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Know Thyself

Thursday, 7 October 2010

He’s been clear from the very start. Outdoor Science School is a valuable experience. For other kids.

Beernut: We saw a video today about Outdoor Science School. I’m not going.
FrumeSarah: Why aren’t you going?
Beernut: Mo-om! There’s hiking at Science School. You know I don’t hike. And I don’t like being outdoors.

Now there’s hiking and then there’s hiking. According to the Outdoor Science School website, “our classrooms are outdoors on well-marked trails.” And the schedule does include a lot of hikes. Anywhere from one to THREE hikes each day. So for a self-proclaimed non-hiker, and one who doesn’t like being outside, this might be a problem.

One of the difficulties of having Asperger’s is that there is an illusion of competency. To the outside adult world, Beernut seems like a well-mannered, interesting young man. What the majority don’t see is he completely falls apart as soon as the school day ends. And that is already a vast improvement over last school year when the meltdowns often occurred at school.

Poppyseed: Well if Beernut isn’t going to Science School, then I’m not going when I’m in the fifth grade.
Beernut: No, Poppyseed, you’re going to go. It’s really interesting and you’ll have a lot of fun. It’s just not the right thing for me.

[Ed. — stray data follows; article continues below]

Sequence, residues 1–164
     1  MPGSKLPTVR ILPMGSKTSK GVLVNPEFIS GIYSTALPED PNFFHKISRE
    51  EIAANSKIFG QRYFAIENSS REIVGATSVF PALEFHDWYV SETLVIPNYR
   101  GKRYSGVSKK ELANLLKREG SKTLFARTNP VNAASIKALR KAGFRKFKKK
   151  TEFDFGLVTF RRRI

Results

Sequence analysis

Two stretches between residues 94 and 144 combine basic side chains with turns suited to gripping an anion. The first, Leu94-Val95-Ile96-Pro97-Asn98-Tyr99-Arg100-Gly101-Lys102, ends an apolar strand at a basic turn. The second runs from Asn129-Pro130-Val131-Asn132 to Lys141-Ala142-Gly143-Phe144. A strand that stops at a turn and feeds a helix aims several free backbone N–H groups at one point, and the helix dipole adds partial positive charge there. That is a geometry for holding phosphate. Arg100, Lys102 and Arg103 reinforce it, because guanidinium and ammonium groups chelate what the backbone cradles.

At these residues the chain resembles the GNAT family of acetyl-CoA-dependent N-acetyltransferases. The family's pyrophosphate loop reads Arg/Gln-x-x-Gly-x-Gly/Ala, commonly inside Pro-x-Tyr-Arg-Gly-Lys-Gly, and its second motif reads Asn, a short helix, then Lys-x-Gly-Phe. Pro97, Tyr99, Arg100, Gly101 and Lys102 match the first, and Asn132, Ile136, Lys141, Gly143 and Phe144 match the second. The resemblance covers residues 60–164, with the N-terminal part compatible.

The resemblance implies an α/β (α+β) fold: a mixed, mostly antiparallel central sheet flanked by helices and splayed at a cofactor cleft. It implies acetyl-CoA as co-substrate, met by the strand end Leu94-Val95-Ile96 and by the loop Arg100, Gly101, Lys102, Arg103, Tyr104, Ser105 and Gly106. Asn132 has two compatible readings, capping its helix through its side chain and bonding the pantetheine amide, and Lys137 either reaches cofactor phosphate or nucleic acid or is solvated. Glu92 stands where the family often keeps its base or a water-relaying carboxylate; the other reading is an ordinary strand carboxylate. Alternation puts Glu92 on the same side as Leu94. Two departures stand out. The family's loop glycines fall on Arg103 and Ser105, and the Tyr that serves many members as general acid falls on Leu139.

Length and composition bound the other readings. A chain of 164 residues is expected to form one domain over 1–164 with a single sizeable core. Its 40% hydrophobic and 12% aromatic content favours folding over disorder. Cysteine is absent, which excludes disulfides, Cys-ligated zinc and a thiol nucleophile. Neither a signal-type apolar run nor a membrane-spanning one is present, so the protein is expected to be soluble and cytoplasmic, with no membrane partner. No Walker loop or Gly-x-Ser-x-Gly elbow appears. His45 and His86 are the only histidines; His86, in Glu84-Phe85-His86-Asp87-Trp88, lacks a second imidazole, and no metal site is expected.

With three summers of camp under his belt, Beernut has a pretty good idea of what to expect while at Science School and while this is only a four day program, it is four, twenty-four hour days. Meaning — no down time from the constant barrage of sounds, expectations, new surroundings, and other external stimuli that can make life overwhelming for those on the Spectrum.

As his mother, I know that part of my job is to pry Beernut loose from his comfort zone and help him expand beyond that very limited place. It is also my job to protect him. And respect his emerging self-awareness. And not get caught up in the never-ending grief process of mourning the “normalcy” that is not to be.

How do I know what is the right decision?

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4 Comments leave one →
  1. Friday, 8 October 2010 4:06 am

    Certainly not an easy situation. Couldn’t Beernut only attend during the day? Let us know what happens in the end.

  2. Friday, 8 October 2010 12:25 pm

    i have no advice whatsoever. just a lot of resect for the pondering that you’re doing and how well you’ve taught beernut to know himself. that’s a skill that we could all use.

  3. Shellie Halprin permalink
    Friday, 8 October 2010 2:10 pm

    Only you guys can judge what is appropriate because you know your kids best. Brandon just wasn’t ready to drive at 16. He knew it and we knew it. Had I forced him because it was what other 16 year olds were doing, it would have been really unsafe for him and everyone else on the road. Even kids that aren’t on the Spectrum aren’t ready to leave home for 4 nights. We didn’t have outdoor science camp when we were growing up and we turned out okay.

  4. jae permalink
    Wednesday, 13 October 2010 11:04 pm

    Plenty of kids choose alternatives. These range from attending only the day portion (which won’t get Mr Beernut out of hiking) to choosing to go on campus inside other classes to choosing to complete the assignments with family and own-time field trips.

    My kids came home raving about the beads and medals they earned, the friends they made because they bonded over the “too long hike”. If these are not potential turn-ons for Beernut, choose another way to get the info-impact.if they are potential positive moments, then push. Don’t suffer over it-there’s plenty of other opportunities to force comfort zones!

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